President William Howard Taft speaking behind Old First Church on April 25, 1912. Image courtesy of the Library of Congress, Bain Collection.
The scene in 2014:
The 1912 presidential election was an unusual one, brought on by a rift in the Republican party between President William Howard Taft and former President Theodore Roosevelt. Both sought the Republican nomination, and on April 25, Taft was making his way through Massachusetts before the primary five days later. April 1912 was an eventful time – when the photo of Taft was taken, Fenway Park had just opened five days earlier, and five days before that, the Titanic sank. However, at the time, the most pressing political issue in the country was the apparent fracturing of the Republican Party.
The Massachusetts voters ended up choosing Roosevelt for the Republican nomination, but at the national convention a few months later, the party bosses chose Taft. It would end up being a Pyrrhic victory for them, though, because Roosevelt ran as a third party candidate, which split the Republican vote in he November election and gave Democrat Woodrow Wilson an easy victory. In the end, Taft won just two states and eight electoral votes, a dismal showing for an incumbent president.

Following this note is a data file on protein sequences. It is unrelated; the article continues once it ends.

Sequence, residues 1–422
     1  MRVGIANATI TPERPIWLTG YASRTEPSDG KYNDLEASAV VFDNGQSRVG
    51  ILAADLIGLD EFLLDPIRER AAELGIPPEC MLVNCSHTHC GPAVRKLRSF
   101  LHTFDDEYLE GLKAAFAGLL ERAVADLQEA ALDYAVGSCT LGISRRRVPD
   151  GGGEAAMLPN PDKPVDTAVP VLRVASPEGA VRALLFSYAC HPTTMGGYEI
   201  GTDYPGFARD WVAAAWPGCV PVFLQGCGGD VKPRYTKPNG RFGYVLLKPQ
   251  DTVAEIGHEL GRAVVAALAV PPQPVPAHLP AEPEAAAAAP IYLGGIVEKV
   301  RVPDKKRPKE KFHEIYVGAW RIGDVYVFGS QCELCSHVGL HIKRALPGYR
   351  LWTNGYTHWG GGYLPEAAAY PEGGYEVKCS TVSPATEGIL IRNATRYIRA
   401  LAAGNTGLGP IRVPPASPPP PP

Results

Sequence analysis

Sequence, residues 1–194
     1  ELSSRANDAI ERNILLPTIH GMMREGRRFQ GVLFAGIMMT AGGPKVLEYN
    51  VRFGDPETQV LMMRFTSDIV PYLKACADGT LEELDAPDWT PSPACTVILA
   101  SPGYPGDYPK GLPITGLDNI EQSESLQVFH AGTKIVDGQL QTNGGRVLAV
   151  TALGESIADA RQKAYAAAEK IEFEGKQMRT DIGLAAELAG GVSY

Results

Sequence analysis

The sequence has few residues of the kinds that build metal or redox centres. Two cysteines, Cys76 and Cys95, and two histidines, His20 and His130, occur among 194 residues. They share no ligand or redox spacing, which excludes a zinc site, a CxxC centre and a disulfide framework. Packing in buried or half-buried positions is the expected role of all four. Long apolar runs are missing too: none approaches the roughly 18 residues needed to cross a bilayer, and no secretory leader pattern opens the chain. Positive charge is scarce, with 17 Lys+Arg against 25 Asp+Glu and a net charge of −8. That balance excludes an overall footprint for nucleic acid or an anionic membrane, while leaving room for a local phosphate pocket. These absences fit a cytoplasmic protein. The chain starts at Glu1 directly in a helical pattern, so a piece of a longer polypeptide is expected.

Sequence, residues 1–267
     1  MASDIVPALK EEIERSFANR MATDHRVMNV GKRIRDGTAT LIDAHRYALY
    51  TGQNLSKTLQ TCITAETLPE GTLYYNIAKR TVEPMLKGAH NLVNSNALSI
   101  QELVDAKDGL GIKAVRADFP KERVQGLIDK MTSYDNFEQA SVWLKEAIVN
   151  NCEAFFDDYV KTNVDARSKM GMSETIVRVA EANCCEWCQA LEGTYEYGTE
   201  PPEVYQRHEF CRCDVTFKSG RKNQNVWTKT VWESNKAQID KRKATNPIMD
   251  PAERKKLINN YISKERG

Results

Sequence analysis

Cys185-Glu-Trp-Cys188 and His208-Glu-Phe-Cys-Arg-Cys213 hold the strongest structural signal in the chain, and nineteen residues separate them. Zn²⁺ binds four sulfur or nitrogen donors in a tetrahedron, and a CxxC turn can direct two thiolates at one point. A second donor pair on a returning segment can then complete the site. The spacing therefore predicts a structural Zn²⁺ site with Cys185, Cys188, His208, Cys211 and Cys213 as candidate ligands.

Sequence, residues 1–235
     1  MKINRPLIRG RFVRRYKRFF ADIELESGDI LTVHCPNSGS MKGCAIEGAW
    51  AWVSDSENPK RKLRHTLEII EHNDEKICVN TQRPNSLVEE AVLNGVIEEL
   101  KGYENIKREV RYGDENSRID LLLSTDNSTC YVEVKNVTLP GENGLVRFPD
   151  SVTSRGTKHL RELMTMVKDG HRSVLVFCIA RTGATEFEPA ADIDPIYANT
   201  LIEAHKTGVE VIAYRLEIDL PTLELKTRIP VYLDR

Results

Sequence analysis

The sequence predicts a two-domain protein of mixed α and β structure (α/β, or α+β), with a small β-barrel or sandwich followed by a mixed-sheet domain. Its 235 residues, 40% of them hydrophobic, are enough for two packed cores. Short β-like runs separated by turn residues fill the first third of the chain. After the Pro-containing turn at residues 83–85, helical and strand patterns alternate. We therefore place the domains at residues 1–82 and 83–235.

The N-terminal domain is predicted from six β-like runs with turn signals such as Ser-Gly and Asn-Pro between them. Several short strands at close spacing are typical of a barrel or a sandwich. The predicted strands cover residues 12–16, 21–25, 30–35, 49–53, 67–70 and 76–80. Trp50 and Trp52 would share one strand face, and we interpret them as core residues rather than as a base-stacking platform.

For the speech, Taft stood behind Old First Church, facing what was at the time the newly-cleared extension of Court Square, which went from the back of the church to the railroad tracks next to the Connecticut River. The brick section in the back of Old First Church is still there today, although it was substantially renovated in 1947. The windows behind Taft have since been bricked up, but their outlines, formed by lighter-colored bricks, are still visible.